In Egypt, Severus administered the church through his deputies or his letters. With indefatigable energy, he wrote book after book against heresies and deceivers, answered letters and gave personal opinions on legal matters. When he faced a difficult problem, he searched for light in the Holy Bible or turned to the resolutions of councils for assistance. In 535, he went to Constantinople in answer to the invitation of Justinian I, in pursuit of unity. At the capital, he won Anthimus, patriarch of Constantinople, to his side, but the gap between the two parties remained wide. Then he returned to Egypt where he died.
In 518 upon the vacancy of the See of Antioch because of persecution of St. Severus the patriarch, the Chalcedonians took control of the See and they appointed the following Patriarchs whose line continues in the Byzantine (Rum/Antiochene Orthodox) Patriarchate: Paul the Jew 518-521, Euphrosius 521-528, Ephrem of Amid 528-546.
St. Severus, the holy man departed at the city of Sakha on February 8th, 538, at the house of a righteous wealthy man called Dorotheus, where he was hiding. Dorotheus sent the body, in a ship, with trustworthy men to the Zujaj Monastery, located to the west of the city of Alexandria.
He commanded them not to enter the bay but to use the lake until they came to the shore. When they came to Kartasa, facing north, they sailed towards the west, but they did not find water deep enough to sail their ship and the crew was saddened and worried.
God, the Lover of man, preserved the body of Saint Severus from those who hated him. God made manifest this miracle. He made the ship sail in shallow water for six miles until they arrived to the shore.
From there they took the body of the Saint, carried it to the Zujaj Monastery and laid it in the place which Dorotheus had built for it. There was great joy in the city of Alexandria and God worked great signs and wonders through the body of His saint St. Severus. God honored St. Severus after his death even more than during his life.
He was crowned by the Church as the Great Doctor of the Universal Church. The Church also commemorates him on the day of his death. His life was written by four eloquent writers who are Zachariah Rhetor, john, abbot of the Monastery of Bar Aphtonya, Athanasius I, patriarch of Antioch, and an anonymous author.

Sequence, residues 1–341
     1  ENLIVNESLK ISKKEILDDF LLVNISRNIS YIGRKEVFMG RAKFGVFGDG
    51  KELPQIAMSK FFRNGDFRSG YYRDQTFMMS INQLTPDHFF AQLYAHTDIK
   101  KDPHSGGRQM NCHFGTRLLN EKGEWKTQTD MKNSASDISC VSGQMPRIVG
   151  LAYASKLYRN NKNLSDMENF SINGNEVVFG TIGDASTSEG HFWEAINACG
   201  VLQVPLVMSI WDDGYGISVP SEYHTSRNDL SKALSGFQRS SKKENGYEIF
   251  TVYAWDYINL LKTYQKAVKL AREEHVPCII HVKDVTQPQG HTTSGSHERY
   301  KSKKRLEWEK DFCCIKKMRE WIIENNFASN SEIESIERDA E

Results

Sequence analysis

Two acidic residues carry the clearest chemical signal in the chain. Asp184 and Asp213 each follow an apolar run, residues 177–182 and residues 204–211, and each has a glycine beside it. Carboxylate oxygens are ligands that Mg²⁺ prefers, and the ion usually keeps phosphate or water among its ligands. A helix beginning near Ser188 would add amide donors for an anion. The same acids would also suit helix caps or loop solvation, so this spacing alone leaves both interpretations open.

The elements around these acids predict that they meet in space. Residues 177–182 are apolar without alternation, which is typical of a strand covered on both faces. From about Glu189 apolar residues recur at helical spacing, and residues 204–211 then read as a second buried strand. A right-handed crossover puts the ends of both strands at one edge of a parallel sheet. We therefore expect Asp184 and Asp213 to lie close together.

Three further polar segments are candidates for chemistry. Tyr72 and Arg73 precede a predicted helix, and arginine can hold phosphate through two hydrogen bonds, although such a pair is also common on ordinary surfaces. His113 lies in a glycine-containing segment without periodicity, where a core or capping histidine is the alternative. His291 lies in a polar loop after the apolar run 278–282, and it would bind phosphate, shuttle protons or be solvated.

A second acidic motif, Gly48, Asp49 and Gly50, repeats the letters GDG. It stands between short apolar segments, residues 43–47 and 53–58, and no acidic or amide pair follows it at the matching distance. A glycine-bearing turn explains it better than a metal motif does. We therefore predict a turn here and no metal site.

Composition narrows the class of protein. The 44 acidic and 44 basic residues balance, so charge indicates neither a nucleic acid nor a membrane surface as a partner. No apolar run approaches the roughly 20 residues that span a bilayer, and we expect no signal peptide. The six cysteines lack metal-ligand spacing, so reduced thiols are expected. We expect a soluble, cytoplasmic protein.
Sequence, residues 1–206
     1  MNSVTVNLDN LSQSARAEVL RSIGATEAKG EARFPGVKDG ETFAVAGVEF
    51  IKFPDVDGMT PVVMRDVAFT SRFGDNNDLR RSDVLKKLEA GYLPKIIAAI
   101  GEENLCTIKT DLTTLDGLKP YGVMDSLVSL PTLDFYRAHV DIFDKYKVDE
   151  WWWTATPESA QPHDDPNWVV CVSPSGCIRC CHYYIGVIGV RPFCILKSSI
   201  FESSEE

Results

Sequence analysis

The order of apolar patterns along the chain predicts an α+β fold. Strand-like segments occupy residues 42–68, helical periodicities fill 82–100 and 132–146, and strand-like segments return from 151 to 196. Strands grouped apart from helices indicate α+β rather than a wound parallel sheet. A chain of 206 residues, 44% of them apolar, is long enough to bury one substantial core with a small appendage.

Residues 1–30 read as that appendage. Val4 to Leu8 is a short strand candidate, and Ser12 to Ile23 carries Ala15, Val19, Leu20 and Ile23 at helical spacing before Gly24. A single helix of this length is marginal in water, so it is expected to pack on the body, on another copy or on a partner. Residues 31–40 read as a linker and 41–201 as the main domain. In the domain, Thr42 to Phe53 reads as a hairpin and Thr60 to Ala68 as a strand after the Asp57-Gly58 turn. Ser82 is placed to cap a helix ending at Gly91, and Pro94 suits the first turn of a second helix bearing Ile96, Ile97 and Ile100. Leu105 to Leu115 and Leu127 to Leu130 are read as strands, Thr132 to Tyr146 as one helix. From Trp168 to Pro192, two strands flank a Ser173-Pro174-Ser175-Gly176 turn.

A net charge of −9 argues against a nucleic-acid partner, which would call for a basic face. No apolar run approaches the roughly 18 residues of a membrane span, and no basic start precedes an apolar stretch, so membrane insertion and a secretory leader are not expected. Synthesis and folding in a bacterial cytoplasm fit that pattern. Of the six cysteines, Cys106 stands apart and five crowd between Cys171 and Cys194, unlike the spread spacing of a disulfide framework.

The writings of St. Severus cover polemics, rituals, commentaries, homilies, and letters. They enjoy the highest respect. The writings of Severus cover polemics, rituals, commentaries, homilies and letters. They enjoy the highest respect. The polemics numbers fourteen. Among the ritual writings there is a magnificent book containing the maniths, splendid anthems or hymns which he composed. The maniths begin with a verse from the Holy Bible and continue with an elegant style which inspires awe and the love of God. These maniths number two hundred and ninety-five. Of the third type of his writings, namely commentaries, are a commentary on the Gospel of St. Luke, a commentary on the apocalypse of Ezekiel, as well as Biblical topics and verses which may be found in his homilies and letters referred to by Bar Salibi in his commentary on the Gospels and by Bar Hebraeus in his book “The Storehouse of Secrets.”
Among his homilies, there are one hundred and twenty-five holies called “Homiliae Cathedral’s,” preserved in three large volumes at the Vatican and at the British Museum. Three homilies are in the library of the Zafran monastery and at the library of the church at Homs. Fifty one of these homilies were translated into French and published in three volumes. There are also innumerable letters written by him, estimated at three thousand and eight hundred, a number no other church father is known to have written. These letters were collected in older times in thirty two volumes, of which four were written before his elevation to the patriarchate, then during his patriarchate (512-518) and nine during his exile (518-538). Of these, only two large volumes survived, one of which is entitled The Sixth Book of the Selected Letters of St. Severus of Antioch, translated by the priest Athanasius of Nisbis in 669.A D. Among this, some were translated in to English in the 20th century. All of these letters are splendid and full of abundant theological, legal, historical and administrative information, which reflect the light of that great and noble soul. The works of this great dignitary and his comprehension of the principles and branches of sciences testify that he was not only unique in his generation, but also unequaled among the patriarchs of Antioch who preceded or succeeded him.
In the fifth Thubden (Diptych), we remembers this great Patriarch St. Severus as the crown of Syrians, the eloquent mouth, the pillar and the doctor of the Holy Church of God as a whole, the meadow abounding in blossom and who preached all the time that Mary was undoubtedly the God-bearer.